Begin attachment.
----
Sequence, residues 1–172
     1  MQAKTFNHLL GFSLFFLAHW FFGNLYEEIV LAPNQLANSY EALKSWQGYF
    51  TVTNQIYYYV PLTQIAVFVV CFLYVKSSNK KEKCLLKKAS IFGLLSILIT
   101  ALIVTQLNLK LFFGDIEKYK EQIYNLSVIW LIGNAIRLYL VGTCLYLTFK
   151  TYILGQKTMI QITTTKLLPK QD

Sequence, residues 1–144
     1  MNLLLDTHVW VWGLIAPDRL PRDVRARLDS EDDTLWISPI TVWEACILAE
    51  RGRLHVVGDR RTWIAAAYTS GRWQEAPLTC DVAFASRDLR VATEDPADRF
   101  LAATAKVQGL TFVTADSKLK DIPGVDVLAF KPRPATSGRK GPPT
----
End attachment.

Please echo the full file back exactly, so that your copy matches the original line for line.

Sequence, residues 1–172
     1  MQAKTFNHLL GFSLFFLAHW FFGNLYEEIV LAPNQLANSY EALKSWQGYF
    51  TVTNQIYYYV PLTQIAVFVV CFLYVKSSNK KEKCLLKKAS IFGLLSILIT
   101  ALIVTQLNLK LFFGDIEKYK EQIYNLSVIW LIGNAIRLYL VGTCLYLTFK
   151  TYILGQKTMI QITTTKLLPK QD

Sequence, residues 1–144
     1  MNLLLDTHVW VWGLIAPDRL PRDVRARLDS EDDTLWISPI TVWEACILAE
    51  RGRLHVVGDR RTWIAAAYTS GRWQEAPLTC DVAFASRDLR VATEDPADRF
   101  LAATAKVQGL TFVTADSKLK DIPGVDVLAF KPRPATSGRK GPPT